E&P companies continued to tout the efficiencies and cost-slashing prowess of “pad” drilling and other savings measures undertaken during third-quarter earnings conference calls, highlighting a trend that has been especially notable this year as companies have stepped up activity across a growing number of unconventional fields.
Operators seemed particularly proud of snipping down the number of days needed to drill wells. For example, in South Texas’ prolific Eagle Ford Shale field, Forest Oil aims to migrate to pad drilling, which allows multiple wells to be drilled from a single site rather than moving the rig after each well, company CEO Patrick McDonald said during his company’s call last month.
“We’ve installed a rig walking system that will allow us to skid the rig over in a much shorter time period and allow us to drill four well pad locations in approximately 60 days — a significant time savings over current single-well style drilling,” McDonald said.
Continental Resources, an early mover in the prolific Bakken Shale oil play in North Dakota and Montana, has designed “larger and larger” multiwell pad drilling schemes, with up to 14 wells on a site, company chief operating officer Rick Bott said earlier this month in his company’s call.
“In the first quarter , 10% of our operated rigs were on multiwell pads; today 45% of our operated rigs are engaged in pad drilling, and that percentage will continue to grow,” Bott said. These wells are infill drilling that place wells in-between existing wells to drain more of the reservoir.
This saves Continental money on access and site building costs by extending existing roads and infrastructure built for the original wells, said Bott. “Incremental site construction costs from additional wells from an existing pad are much lower,” he said.
Pad drilling also minimizes rig moves, he added. “When we do move rigs, the average cost per rig move is lower – 17% this year,” he said. The company saves 10%/well on those that are pad-drilled.
Also, using newer, more capable rigs allow faster drilling times, even though the rigs cost more per day to lease. This results in a rise in average wells drilled by 33% to 1.2 wells per rig-month in the third quarter versus the first quarter, said Bott. And the average number of days to drill the well’s lateral–its horizontal leg, which he calls the “most critical part of the hole–dropped 18% through greater efficiencies and accuracy, said Bott.
“If you take our drilling cycle spud to spud, well costs are 25% lower in the third quarter versus the first quarter, in large part because of these drilling efficiencies,” he said. “And that’s on top of a 12% improvement in spud-to-spud we had last year.”
Bott also said the time to complete a well has dropped 25% for the number of days from rig release to first production — from an average 76 days last year to 57 days so far in 2012.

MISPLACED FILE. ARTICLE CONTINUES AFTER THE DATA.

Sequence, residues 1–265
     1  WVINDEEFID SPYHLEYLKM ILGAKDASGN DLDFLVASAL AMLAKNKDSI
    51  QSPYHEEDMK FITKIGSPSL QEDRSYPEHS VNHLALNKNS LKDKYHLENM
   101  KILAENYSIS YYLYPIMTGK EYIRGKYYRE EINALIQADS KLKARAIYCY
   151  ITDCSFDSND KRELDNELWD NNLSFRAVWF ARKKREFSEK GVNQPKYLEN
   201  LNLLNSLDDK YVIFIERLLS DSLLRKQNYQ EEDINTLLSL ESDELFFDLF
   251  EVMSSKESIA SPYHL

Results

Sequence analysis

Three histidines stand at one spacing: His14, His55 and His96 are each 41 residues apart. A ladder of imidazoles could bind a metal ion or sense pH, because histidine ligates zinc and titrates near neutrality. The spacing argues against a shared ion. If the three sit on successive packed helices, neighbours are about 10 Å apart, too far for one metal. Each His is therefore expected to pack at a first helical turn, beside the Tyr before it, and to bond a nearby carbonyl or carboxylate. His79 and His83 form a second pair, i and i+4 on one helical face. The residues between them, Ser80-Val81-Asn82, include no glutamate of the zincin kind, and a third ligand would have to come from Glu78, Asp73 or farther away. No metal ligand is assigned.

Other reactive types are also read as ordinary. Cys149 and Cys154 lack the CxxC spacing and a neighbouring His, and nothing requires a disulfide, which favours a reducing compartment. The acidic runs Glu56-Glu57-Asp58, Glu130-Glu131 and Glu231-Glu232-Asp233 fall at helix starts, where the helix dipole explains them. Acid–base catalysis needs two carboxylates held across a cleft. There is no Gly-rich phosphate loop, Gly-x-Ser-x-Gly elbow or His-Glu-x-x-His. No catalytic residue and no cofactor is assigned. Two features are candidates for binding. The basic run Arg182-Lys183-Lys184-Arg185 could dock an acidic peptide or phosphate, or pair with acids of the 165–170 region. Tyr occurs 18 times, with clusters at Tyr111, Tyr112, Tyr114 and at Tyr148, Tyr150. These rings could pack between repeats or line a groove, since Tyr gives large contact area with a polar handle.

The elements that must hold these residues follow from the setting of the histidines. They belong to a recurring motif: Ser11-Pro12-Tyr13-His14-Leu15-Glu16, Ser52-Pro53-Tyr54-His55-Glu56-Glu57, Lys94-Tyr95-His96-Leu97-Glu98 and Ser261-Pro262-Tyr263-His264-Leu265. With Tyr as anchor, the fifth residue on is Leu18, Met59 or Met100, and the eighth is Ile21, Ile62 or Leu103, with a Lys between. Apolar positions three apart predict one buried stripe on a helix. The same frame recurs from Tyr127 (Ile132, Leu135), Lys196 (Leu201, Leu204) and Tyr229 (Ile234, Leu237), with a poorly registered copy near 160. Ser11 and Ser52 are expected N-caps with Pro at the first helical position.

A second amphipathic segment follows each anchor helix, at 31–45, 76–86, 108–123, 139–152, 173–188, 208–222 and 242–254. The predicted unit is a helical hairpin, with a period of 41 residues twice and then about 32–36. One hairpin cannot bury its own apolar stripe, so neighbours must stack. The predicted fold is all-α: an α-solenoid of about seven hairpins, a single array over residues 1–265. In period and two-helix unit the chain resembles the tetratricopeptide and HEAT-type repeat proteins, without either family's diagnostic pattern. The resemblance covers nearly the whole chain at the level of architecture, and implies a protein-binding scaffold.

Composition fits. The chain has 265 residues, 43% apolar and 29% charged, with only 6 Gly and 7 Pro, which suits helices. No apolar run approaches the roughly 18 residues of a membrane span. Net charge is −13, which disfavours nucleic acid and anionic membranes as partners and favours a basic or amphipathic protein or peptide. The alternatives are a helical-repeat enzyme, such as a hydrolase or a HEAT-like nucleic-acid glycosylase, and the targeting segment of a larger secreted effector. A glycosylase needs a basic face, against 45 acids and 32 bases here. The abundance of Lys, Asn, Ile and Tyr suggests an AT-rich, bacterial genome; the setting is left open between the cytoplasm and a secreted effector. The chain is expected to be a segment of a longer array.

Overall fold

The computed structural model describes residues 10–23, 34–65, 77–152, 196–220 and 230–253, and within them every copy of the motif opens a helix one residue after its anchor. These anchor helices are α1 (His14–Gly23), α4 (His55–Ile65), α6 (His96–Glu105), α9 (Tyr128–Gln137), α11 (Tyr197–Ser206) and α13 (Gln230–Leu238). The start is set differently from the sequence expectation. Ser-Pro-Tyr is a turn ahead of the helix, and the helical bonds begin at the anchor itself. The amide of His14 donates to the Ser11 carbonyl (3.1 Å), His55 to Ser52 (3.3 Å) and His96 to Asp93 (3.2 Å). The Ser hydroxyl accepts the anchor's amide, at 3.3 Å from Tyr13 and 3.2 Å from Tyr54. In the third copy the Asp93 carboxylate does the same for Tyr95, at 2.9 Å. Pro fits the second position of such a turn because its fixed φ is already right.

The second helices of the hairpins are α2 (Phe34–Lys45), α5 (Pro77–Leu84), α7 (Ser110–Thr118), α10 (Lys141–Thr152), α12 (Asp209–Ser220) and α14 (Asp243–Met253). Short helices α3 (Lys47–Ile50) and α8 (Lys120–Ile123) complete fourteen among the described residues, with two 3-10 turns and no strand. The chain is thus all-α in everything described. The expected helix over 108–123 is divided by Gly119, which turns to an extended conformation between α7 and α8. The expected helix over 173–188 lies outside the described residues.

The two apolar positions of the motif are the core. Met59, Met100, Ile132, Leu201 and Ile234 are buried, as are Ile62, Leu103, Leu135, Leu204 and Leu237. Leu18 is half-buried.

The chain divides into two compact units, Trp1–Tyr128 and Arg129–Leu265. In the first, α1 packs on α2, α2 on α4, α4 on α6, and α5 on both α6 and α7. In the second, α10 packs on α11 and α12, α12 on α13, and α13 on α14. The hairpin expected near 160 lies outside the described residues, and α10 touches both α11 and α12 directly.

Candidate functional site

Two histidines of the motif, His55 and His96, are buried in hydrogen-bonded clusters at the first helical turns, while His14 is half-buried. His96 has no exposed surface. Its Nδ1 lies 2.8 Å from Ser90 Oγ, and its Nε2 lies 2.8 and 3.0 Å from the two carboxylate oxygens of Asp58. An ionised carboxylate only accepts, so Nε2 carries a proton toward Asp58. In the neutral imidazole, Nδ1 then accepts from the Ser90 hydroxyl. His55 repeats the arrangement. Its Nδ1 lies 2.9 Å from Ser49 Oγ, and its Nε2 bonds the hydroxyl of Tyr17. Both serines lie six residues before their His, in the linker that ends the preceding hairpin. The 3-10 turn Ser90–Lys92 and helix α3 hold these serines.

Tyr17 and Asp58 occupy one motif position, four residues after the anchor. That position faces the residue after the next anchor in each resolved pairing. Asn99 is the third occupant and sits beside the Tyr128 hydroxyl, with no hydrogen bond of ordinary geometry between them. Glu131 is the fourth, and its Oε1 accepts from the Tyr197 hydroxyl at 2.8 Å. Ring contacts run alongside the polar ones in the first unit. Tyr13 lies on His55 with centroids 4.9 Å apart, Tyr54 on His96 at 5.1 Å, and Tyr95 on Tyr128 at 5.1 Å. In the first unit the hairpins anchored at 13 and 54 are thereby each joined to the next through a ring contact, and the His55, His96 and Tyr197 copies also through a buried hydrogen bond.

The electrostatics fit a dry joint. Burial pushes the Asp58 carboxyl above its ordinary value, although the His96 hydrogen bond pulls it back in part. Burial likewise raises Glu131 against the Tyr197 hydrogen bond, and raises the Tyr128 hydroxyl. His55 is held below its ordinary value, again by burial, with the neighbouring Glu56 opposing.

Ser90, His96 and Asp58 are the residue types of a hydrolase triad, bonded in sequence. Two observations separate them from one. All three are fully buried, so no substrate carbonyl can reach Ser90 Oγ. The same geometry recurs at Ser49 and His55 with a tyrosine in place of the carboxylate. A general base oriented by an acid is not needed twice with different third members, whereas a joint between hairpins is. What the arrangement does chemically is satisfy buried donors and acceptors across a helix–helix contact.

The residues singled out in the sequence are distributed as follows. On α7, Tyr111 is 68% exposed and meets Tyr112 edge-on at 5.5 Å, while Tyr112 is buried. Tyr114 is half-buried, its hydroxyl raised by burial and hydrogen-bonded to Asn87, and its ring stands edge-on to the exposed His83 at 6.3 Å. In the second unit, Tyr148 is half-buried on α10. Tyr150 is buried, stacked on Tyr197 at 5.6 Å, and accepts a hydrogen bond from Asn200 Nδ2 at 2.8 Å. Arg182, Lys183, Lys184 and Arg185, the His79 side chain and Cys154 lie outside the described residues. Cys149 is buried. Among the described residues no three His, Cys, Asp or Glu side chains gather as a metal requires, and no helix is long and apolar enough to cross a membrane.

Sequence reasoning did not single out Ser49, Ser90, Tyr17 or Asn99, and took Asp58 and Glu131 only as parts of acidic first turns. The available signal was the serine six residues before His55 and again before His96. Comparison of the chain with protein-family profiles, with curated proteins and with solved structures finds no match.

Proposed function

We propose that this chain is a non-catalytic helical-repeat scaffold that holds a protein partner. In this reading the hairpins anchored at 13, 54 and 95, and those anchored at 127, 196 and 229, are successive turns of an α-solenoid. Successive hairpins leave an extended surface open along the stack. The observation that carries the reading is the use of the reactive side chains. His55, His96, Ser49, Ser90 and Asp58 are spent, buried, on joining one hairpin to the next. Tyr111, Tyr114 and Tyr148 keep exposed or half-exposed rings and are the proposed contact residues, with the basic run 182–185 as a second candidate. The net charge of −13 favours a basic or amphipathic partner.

Also, the cost of proppants–substances such as ceramic and sand, that hold open a well’s fracture after hydraulic fracturing–have dropped as much as 40% over 2012, he said. This has reduced Continental’s stimulation cost per fracture “stage” or interval from $124,000/stage in fourth-quarter 2011 to $98,000/stage in third-quarter 2012.
Pad drilling is also a focus for big independent Chesapeake Energy, among the US’ most active upstream operators. The company is ramping up to what company chief operating officer Steve Dixon in early November called “full development mode” in several key plays.
As the company finishes drilling acreage and can hold it by production, “we can focus on pad drilling, our equipment mobilization times will compress, our water handling logistics will get simplified, road and pad construction costs will decline, and many other economies of scales will be realized,” Dixon said.
While difficult to precisely quantify, Chesapeake targets long-term capital efficiency improvements of at least 15% to 20% as it transitions to pad drilling, he said.
In addition, Southwestern Energy, which pioneered the natural gas-prone Fayetteville Shale in Arkansas and is now trying to explore for oil elsewhere, talked up its purchasing savings for oilfield service costs, William Way, the company’s chief operating officer, said.
“Our wells have come down in the quarter a lot due to reduced vendor” costs after the company consolidated vendors, he said. “We’re seeing some reductions in cost there.”
Also, pumping its own wells rather than contracting with an outside oilfield vendor saves about $150,000-$160,000 per well, he said, adding: “We’ll pump a large number of wells next year.”
One upstream operator that has lowered its sand costs even more in recent years is Pioneer Natural Resources, which has a sand mine that supplies sand for a large chunk of its well completions.
“We continue to push the envelope in terms of the use of white sand as opposed to more expensive ceramics” to keep the well fracture open, Pioneer chief operating officer Tim Dove said during a conference call earlier this month.
Dove has said the cost savings is “something like $700,000” per well by using white sand rather than ceramics.
Multi-pad drilling provides “tremendous” cost savings of perhaps $600,000-$700,000/well, said Dove, although he added that may be “somewhat” offset by the use of bigger fracs and longer laterals in the future.